For Riva ASR models in production, we aggregate all the transcribed text in the training data for training the language models.

Limit the vocabulary size if using scraped text. Many online sources contain typos or ancillary pronouns and uncommon words. Removing these can improve the language model.

When the text belongs to a narrow, niche domain, there might be an impact to the overall ASR pipeline in recognizing general domain language, as a trade-off. Therefore, experiment with mixing domain text with general text for a balanced representation.

#### LM Interpolation#

An alternative approach to mixing data is to mix two or more pretrained n-gram language models in .ARPA format. This can be carried out with a 3rd party tool, such as the SRI ngram tool. For example:

./ngram -order 4 -lm <lm1.arpa> -mix-lm <lm2.arpa> -lambda 0.4 -write-lm <output_lm.arpa>


This command interpolates lm1.arpa and lm2.arpa with weights [0.6, 0.4] while writing to output_lm.arpa.

#### Deploying a Custom Language Model#

A custom n-gram language model file in binary format can be deployed as part of an ASR pipeline by passing the binary language model file to riva-build using the flag --decoding_language_model_binary=<lm_binary>.

### Inverse Text Normalization#

Riva implements inverse text normalization (ITN) for ASR requests. It uses weight finite state transducers (WFST) based models to convert spoken domain output from an ASR model into a written domain text to improve readability of the ASR systems output.

Text normalization converts text from written form into its verbalized form. It is used as a preprocessing step before TTS. It could also be used for preprocessing ASR training transcripts.

ITN is a part of the ASR post-processing pipeline. ITN is the task of converting the raw spoken output of the ASR model into its written form to improve text readability.

Riva implements NeMo ITN, which is based on WFST grammars. The tool uses Pynini to construct WFSTs. The created grammars can be exported and integrated into Sparrowhawk (an open-source version of the Kestrel TTS text normalization system) for production.

With a functional NeMo installation, the German ITN grammars for example, can be exported with the pynini_export.py tool as follows:

python3 pynini_export.py --output_dir . --grammars itn_grammars --input_case cased --language de


This exports the tokenizer_and_classify and verbalizes Fsts as OpenFst finite state archive (FAR) files, ready to be deployed with Riva.

[NeMo I 2022-04-12 14:43:17 tokenize_and_classify:80] Creating ClassifyFst grammars.
Created ./de/classify/tokenize_and_classify.far
Created ./de/verbalize/verbalize.far


To deploy these ITN rules with Riva, pass the FAR files to the riva-build command under these options:

riva-build speech_recognition
[--wfst_tokenizer_model WFST_TOKENIZER_MODEL]
[--wfst_verbalizer_model WFST_VERBALIZER_MODEL]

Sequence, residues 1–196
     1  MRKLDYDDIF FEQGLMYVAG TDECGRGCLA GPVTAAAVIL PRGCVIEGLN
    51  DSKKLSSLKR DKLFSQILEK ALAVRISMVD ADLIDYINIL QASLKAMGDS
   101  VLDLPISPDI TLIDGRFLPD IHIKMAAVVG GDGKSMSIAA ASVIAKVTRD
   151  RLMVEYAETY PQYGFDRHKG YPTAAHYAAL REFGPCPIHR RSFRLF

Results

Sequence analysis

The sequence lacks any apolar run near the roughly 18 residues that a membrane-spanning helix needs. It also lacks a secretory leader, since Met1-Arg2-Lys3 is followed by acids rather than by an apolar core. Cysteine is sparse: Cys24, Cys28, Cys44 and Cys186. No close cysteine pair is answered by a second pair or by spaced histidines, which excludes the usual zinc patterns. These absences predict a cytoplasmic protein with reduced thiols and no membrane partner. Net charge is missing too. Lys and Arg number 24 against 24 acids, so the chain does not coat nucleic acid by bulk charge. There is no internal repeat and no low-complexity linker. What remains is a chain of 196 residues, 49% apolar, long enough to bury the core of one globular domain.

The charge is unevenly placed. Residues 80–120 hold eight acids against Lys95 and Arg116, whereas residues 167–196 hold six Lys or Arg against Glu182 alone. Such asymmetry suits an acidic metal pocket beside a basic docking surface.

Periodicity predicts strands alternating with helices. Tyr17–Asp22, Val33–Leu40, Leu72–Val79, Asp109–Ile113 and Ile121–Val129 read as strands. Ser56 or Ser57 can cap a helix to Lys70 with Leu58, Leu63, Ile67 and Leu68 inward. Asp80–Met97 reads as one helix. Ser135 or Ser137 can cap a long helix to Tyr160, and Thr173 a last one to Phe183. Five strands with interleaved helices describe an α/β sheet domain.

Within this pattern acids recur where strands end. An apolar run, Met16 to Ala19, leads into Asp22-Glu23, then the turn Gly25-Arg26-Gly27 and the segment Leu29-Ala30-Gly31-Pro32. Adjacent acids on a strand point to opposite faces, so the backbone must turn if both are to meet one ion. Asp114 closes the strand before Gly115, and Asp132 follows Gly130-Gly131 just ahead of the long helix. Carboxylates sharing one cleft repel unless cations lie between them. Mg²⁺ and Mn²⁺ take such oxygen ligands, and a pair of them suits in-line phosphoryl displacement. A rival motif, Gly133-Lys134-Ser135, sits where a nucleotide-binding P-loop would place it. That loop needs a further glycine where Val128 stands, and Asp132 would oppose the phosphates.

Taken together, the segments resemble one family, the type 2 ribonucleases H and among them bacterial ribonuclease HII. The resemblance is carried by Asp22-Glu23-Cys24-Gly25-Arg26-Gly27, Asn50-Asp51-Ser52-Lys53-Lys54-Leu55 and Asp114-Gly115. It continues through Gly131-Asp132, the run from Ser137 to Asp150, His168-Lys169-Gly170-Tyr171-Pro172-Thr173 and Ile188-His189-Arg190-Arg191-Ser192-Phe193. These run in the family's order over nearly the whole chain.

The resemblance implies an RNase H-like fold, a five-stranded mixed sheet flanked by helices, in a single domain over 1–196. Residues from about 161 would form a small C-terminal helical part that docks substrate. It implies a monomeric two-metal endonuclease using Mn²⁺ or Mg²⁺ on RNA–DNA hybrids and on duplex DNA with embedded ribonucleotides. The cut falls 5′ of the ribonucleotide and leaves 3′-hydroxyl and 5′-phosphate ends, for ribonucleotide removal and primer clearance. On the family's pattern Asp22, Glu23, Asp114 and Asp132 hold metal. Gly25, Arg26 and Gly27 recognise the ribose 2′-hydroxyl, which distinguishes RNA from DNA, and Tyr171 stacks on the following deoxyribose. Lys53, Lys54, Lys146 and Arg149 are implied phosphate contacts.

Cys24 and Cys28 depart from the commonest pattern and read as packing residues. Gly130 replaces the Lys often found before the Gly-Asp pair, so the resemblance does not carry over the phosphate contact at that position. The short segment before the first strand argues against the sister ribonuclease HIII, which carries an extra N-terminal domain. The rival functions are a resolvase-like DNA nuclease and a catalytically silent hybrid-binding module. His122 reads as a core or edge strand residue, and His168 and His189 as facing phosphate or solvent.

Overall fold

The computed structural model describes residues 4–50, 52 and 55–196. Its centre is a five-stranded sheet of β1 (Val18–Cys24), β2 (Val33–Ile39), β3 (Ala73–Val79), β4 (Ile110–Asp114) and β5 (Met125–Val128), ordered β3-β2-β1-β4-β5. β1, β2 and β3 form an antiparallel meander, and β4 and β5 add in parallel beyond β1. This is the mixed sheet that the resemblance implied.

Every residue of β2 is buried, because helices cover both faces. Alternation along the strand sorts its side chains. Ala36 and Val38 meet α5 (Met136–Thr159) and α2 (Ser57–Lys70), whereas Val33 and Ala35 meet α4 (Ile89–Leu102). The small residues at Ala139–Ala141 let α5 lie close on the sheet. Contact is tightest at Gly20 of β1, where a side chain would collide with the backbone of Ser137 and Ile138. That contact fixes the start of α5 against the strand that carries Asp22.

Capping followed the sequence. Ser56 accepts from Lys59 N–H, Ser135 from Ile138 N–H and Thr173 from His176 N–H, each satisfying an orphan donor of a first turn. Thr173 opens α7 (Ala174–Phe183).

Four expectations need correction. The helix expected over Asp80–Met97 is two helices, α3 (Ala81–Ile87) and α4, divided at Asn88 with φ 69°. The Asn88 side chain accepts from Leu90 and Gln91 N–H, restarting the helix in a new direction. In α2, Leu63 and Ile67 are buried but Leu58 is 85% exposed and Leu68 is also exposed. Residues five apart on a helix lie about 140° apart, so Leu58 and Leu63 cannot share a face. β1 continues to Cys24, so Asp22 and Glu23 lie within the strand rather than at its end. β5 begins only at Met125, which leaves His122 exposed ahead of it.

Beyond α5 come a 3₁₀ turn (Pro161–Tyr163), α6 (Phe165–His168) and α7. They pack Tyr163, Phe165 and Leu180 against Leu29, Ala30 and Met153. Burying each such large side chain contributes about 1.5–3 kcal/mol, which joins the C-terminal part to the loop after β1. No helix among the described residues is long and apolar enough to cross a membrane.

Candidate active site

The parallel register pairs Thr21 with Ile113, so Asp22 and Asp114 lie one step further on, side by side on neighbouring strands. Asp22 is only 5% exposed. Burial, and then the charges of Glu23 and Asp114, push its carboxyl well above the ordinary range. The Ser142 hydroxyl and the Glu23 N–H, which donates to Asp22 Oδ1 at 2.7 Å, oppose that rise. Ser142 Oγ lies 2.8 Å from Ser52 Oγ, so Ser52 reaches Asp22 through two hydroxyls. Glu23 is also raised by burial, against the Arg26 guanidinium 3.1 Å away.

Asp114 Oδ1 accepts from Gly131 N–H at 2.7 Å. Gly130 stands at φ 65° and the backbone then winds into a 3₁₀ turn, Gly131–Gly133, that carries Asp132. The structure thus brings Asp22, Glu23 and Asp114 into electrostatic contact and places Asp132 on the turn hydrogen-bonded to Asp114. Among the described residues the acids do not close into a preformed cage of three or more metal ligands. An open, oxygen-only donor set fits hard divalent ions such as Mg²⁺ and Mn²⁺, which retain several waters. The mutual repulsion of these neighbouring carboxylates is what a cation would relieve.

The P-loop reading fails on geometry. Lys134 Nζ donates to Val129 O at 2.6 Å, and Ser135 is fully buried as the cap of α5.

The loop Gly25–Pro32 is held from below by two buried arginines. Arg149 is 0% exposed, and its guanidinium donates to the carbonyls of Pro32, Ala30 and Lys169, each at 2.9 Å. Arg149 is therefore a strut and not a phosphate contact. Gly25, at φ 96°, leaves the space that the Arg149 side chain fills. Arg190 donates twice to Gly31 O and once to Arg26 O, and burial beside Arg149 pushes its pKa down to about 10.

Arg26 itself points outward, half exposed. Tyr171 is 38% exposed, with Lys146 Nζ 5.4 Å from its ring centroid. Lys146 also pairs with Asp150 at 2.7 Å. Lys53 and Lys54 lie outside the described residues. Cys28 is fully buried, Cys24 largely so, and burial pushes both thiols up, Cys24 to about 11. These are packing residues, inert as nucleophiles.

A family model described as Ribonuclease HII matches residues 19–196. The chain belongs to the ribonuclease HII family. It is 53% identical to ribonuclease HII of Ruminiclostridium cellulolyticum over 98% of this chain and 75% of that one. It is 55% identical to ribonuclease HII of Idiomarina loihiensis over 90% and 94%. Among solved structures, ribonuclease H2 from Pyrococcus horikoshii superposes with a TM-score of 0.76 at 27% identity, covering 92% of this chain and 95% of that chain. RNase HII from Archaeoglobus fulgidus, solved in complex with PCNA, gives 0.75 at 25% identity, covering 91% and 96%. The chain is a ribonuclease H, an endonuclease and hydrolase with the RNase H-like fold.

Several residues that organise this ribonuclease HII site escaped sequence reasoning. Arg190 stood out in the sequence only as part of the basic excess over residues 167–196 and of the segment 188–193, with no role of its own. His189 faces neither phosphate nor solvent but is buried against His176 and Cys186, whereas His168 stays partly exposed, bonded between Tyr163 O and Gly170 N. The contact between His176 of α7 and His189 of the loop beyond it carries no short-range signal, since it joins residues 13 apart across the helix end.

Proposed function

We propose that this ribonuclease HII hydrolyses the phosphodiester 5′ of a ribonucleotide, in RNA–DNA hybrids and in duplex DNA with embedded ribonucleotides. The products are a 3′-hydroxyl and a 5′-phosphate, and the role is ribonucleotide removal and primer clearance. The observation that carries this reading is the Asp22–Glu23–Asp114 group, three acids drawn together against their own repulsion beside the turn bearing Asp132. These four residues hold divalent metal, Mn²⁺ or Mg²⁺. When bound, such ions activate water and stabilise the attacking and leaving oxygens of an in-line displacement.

To learn more on how to build grammars from the ground-up, consult the NeMo Weighted Finite State Transducers (WSFT) tutorial.

Details on the model architecture can be found in the paper NeMo Inverse Text Normalization: From Development To Production.

#### Speech Hints#

Speech hints apply an out-of-vision (OOV) class as a part of ASR post-processing pipeline. It uses finite state transducers (FST) to improve readability based on the expected OOV class applied to normalize the output in a more readable format.

Speech hints are applied on the spoken domain output of ASR before passing the generated text through the ITN. The phrases which need to be applied are added to RecognitionConfig using SpeechContext.

import riva.client
uri = "localhost:50051"  # Default value
auth = riva.client.Auth(uri=uri)
asr_service = riva.client.ASRService(auth)
config = riva.client.RecognitionConfig(
encoding=riva.client.AudioEncoding.LINEAR_PCM,
max_alternatives=1,
profanity_filter=False,
enable_automatic_punctuation=True,
verbatim_transcripts=False,
)
my_wav_file=PATH_TO_YOUR_WAV_FILE
speech_hints = ["$OOV_ALPHA_SEQUENCE", "i worked at the$OOV_ALPHA_SEQUENCE"]
boost_lm_score = 4.0


The following classes and phrases are supported:

• $OOV_NUMERIC_SEQUENCE • $OOV_ALPHA_SEQUENCE

• $OOV_ALPHA_NUMERIC_SEQUENCE • $ADDRESSNUM

• $FULLPHONENUM • $POSTALCODE

• $OOV_CLASS_ORDINAL • $MONTH

### Setting the Profanity Filter#

By default, the Riva ASR pipeline is configured without a profanity filter. To use a profanity filter, pass the --profane_words_file=<profane_words_file> to the riva-build command, where <profane_words_file> is a newline separated file containing the words to filter out.

The client application can then apply the profanity filter on the generated raw transcripts by setting the profanity_filter field of RecognitionConfig to the boolean value of true

### Training or Fine-Tuning an Acoustic Model#

Model fine-tuning is a set of techniques that makes fine adjustments to a pre-existing model using new data, so as to make it adapt to new situations while also retaining its original capabilities.

Model training refers to training a new model either from scratch (that is, starting from random weights), or with weights initialized from an existing model, but with the goal of having the model acquire totally new skills without necessarily retaining the original capabilities (such as in cross-language transfer learning).

Many use cases require training new models or fine-tuning existing ones with new data. In these cases, there are a few best practices to follow. Many of these best practices also apply to inputs at inference time.

• Use lossless audio formats if possible. The use of lossy codecs such as MP3 can reduce quality.